User Generated Education

Education as it should be – passion-based.

An Instructional Activity: Student-Produced Viral Videos

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I implemented my plan to have my undergraduates (mostly 18 to 20 year old students) create “viral” videos for one of our in-class activities.  The first part of this post is geared towards educators and administrators.  It provides a rationale for this type of learning activity.  The second part describes the characteristics that help define a viral video so that these attributes can be presented to the students.

Young People’s Use of YouTube

The rationale for this activity is based on How Teens Use YouTube & Social Media: The Online Generation Gap:

  1. Teenagers today see online video as a normal every-day type of activity.  During middle school and high school years, YouTube is always a hugely popular platform. Most teens consider it to be the “normal” way of watching video (as opposed to television). Certain YouTube videos would take the younger generation by storm; they’d be talked about in the hallways of schools to even the dining table at home. It’s just about impossible for teens to remember the days before YouTube and other online video websites.
  2. Teens Share More Videos Than The Older Generation. Teenagers consume these videos as they would gossip and TV shows and magazines – whatever video makes an impression on them, they share.
  3. Creating videos for this generation comes as naturally as creating an essay in school. Teenagers are not only creative; they are very impressionable. They express their findings in life both verbally and visually, through all means of technology.

Encouraging Communication, Collaboration, Critical Thinking, and Creativity

Given these “knowns”, asking teen and young adult students to produce their own videos related on the content begin covered in class should facilitate an engaging and authentic learning activity.  This learning activity also addresses some of the 21st Century Learning Skills:  the 4 Cs – communication, collaboration, critical thinking and creativity – as proposed by Ken Kay (via Edutopia) and the Partnership for 21st Century Learning.  P21 & FableVision collaborated to release an animated film about the 4 Cs:

Assignment – Producing a Viral Video

My young adult students will not be interested in any of the above information.  This is provided for educators and administrators to gain an understanding regarding how and why integrating the production of videos can enhance learning.  They will be interest in the characteristics of what makes a viral video.

  • Make them laugh.. or cry. The best way to compel someone to send a video to friends and family is to stir up emotion, whether it’s laughing or crying. There are some common traits among the most viral videos — “music, dancing, attractive women, Candid Camera-style pranks, children and topical and political references’ (Lauren Dell).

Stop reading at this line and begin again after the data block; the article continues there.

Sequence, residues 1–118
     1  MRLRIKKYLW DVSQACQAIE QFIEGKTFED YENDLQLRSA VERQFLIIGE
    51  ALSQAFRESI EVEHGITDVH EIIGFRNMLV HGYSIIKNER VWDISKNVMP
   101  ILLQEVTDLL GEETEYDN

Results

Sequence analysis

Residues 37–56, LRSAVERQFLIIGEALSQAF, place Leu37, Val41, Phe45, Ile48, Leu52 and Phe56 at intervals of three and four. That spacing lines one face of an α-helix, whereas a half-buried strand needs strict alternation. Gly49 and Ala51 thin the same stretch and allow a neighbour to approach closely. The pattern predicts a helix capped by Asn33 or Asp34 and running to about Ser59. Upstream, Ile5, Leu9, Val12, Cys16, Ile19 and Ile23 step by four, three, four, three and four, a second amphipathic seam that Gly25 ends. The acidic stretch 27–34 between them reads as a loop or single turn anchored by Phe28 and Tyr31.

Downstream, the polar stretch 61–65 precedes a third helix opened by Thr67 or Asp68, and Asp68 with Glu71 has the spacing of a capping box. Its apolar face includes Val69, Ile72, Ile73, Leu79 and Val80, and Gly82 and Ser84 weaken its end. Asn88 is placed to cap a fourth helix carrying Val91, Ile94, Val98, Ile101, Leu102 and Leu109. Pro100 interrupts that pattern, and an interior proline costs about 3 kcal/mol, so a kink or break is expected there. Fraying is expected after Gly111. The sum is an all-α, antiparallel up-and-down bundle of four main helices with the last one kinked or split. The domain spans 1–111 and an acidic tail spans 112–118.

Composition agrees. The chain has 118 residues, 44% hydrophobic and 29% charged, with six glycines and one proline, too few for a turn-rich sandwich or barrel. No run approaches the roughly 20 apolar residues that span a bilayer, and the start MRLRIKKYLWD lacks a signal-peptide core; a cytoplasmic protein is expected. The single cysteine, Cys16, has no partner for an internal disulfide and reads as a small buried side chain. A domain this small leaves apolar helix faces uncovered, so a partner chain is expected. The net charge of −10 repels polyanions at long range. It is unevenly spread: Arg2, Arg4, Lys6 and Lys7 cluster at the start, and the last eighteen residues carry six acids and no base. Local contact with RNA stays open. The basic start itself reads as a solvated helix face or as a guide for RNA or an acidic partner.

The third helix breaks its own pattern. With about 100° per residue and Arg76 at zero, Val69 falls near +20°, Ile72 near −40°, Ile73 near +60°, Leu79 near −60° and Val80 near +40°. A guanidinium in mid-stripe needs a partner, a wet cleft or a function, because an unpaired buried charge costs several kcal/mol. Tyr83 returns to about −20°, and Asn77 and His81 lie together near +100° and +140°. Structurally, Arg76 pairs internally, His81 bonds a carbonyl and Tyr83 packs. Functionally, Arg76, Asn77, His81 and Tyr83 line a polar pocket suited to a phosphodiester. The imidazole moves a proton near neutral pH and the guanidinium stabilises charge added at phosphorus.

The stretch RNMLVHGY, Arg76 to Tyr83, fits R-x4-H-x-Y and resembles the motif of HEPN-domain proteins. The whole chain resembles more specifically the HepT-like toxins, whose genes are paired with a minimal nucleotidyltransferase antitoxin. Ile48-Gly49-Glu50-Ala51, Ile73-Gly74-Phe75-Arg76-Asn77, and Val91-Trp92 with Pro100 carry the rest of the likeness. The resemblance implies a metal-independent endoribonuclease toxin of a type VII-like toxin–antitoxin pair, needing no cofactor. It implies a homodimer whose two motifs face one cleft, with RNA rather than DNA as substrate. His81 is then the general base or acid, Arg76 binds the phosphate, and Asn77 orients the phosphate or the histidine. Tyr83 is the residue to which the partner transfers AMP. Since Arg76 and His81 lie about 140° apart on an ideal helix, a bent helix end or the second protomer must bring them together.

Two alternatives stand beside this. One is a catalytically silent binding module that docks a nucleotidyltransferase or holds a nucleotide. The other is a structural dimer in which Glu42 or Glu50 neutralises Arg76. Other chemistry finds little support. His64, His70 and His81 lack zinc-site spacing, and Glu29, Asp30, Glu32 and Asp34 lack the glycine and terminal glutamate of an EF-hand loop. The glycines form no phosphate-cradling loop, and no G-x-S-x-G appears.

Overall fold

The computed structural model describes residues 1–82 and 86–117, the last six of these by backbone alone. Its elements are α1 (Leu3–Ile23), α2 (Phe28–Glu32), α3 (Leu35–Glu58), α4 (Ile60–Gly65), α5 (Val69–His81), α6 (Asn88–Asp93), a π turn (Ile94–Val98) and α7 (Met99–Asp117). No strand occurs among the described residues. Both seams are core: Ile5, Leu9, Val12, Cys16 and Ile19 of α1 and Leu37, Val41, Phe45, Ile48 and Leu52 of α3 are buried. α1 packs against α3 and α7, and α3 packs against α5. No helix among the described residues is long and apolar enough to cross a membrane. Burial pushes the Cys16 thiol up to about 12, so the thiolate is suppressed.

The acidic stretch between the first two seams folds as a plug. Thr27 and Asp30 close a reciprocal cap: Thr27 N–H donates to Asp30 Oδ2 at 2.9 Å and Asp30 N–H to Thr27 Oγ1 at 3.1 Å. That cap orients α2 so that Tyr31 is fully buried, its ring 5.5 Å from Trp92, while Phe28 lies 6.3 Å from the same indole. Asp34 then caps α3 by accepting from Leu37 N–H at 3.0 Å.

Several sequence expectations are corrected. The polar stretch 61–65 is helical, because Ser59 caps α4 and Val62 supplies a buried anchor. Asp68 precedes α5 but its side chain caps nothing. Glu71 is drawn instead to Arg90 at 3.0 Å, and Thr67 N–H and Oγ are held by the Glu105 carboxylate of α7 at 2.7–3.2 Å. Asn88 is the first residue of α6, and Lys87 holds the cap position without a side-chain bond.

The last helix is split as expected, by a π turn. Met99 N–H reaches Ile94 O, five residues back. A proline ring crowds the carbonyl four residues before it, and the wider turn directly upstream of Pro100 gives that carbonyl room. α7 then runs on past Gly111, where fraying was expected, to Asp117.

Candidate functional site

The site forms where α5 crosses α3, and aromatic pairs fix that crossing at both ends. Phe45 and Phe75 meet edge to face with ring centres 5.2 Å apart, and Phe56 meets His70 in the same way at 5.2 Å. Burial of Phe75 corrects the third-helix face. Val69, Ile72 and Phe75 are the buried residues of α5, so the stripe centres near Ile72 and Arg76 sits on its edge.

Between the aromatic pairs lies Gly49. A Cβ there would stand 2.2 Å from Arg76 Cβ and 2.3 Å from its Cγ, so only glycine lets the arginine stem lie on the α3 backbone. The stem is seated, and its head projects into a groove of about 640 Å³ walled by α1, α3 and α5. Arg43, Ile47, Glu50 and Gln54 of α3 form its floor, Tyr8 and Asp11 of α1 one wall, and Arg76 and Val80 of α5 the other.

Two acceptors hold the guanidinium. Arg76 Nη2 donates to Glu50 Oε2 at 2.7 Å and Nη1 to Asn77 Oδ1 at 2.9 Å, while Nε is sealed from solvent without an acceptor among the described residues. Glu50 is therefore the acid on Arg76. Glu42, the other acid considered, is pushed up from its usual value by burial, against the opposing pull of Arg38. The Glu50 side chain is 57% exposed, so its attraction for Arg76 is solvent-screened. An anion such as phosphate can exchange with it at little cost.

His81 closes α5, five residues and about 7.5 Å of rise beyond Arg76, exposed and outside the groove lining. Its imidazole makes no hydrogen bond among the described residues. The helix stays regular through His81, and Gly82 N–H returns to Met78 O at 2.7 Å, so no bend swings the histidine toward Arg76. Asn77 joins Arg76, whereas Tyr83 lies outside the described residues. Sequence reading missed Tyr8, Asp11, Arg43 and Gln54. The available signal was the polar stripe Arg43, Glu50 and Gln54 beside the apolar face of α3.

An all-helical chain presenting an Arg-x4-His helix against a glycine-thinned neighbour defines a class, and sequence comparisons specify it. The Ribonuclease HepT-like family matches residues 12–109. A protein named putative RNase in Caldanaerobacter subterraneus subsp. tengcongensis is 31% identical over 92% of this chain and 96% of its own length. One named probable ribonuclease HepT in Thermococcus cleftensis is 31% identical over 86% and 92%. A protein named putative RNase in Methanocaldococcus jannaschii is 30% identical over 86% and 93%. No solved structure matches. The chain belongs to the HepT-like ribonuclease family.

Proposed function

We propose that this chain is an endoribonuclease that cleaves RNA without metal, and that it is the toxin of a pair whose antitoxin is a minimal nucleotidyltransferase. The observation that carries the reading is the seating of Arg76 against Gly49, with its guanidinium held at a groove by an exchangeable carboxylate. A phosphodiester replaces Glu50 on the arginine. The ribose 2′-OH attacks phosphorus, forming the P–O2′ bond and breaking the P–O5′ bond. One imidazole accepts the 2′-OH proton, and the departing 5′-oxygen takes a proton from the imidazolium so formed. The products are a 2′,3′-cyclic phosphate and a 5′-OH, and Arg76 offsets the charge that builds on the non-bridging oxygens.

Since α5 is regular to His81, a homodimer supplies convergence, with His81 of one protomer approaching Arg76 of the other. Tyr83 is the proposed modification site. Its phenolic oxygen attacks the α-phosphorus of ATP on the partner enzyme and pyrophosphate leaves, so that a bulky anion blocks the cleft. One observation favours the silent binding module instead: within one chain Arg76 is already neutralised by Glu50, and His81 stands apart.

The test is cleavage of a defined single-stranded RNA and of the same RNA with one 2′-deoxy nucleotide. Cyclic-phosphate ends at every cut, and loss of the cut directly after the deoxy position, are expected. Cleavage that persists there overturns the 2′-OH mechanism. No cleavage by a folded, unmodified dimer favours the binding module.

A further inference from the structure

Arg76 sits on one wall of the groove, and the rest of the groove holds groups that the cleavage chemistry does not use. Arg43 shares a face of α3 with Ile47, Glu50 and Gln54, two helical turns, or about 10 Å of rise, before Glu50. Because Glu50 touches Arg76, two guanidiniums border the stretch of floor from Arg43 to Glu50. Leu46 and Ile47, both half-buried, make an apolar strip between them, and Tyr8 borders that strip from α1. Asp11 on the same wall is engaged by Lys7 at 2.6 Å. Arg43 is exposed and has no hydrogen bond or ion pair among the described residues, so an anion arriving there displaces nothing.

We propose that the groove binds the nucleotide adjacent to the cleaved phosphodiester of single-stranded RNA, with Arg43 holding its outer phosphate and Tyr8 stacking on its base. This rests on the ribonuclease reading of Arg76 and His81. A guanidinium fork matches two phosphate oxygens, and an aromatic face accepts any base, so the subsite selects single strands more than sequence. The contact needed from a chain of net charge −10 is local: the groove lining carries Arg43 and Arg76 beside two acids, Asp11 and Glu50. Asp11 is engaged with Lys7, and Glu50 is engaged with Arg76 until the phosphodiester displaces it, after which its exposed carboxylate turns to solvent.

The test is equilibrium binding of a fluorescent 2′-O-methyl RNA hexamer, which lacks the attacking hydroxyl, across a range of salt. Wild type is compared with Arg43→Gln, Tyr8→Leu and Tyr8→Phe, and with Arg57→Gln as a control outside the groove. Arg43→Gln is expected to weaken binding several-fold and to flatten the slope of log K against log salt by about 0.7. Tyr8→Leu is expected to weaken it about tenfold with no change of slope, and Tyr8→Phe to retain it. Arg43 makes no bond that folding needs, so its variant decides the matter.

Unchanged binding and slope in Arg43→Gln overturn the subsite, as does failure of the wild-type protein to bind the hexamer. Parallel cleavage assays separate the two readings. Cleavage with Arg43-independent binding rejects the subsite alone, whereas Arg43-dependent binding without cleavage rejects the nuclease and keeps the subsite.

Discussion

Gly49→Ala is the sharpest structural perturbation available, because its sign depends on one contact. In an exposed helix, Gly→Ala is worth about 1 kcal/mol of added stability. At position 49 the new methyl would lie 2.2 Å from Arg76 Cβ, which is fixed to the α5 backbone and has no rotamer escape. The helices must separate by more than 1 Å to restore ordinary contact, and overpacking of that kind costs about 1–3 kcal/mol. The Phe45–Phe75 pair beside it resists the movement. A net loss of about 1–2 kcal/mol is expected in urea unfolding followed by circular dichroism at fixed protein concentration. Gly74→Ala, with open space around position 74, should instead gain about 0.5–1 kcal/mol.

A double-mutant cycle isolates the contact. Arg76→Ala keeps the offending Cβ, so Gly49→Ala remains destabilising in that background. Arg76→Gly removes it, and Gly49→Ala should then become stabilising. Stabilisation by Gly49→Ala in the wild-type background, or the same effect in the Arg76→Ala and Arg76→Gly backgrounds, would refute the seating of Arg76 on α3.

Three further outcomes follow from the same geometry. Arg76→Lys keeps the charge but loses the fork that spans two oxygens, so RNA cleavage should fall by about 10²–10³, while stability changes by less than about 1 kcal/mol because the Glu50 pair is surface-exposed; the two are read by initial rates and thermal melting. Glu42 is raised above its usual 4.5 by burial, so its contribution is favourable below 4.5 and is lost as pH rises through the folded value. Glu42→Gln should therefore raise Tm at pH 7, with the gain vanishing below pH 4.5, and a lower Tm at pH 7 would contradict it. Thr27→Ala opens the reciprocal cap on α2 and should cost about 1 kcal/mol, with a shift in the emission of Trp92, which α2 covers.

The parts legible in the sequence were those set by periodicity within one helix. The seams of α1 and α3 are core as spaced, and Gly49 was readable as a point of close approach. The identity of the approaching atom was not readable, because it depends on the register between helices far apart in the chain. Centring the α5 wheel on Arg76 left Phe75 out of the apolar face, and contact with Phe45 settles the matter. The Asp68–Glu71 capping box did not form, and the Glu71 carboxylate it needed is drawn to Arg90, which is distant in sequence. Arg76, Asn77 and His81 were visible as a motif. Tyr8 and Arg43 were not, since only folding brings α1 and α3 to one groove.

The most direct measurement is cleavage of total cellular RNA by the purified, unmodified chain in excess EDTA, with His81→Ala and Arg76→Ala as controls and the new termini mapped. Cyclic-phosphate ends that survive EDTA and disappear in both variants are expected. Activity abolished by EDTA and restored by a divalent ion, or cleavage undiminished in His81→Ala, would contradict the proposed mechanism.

• Keep it short and snappy.  A video needs to be easily “consumed by a multitasking generation” — viewers shouldn’t have to watch a long-form video to get the joke. “Keep your clip or video short, interesting, edgy and give us a surprise that makes us want to forward it to our friends” (Lauren Dell).
  • Surprising Contrast.  When we see two things that don’t normally belong together, and someone finds a way to make them belong, the reaction it creates is one of surprise. For example, Big guy with a little voice; small girl with big voice – Do you remember the little girl who sang opera on YouTube and how quickly her videos spread? (Jim Chao)
  • Three things every video should have:
    • Authenticity
    • Connection—humorous (The Annoying Orange), touching (Transcending), or surprising (Susan Boyle).
    • Visceral—We’re all really, REALLY busy.  Unless we’re moved on a gut level, we won’t forward anything (L. Drew Gerber).
  • Include one or more of the following as viral videos tend to include these types of content:
    • Pranks
    • Dancing
    • Music
    • Children
    • Political humor
    • Song parodies
    • Video blogs
    • How to (Eric Olson)

In-Action

These suggestions were presented to my interpersonal communications students (18 to 20 years old) along with the desirable content – to demonstrate via different types of nonverbal behavior as presented at Nonverbal Modes. They worked on these in small groups during class time.  Here is one example:

           

The results are not that great as you can see but the students were engaged (quite difficult with this particular class of young college students) and they learned about nonverbal behaviors.

. . . and this parting shot of a short clip written and produced  by my gifted students from a few years back.

Written by Jackie Gerstein, Ed.D.

October 26, 2011 at 9:23 pm

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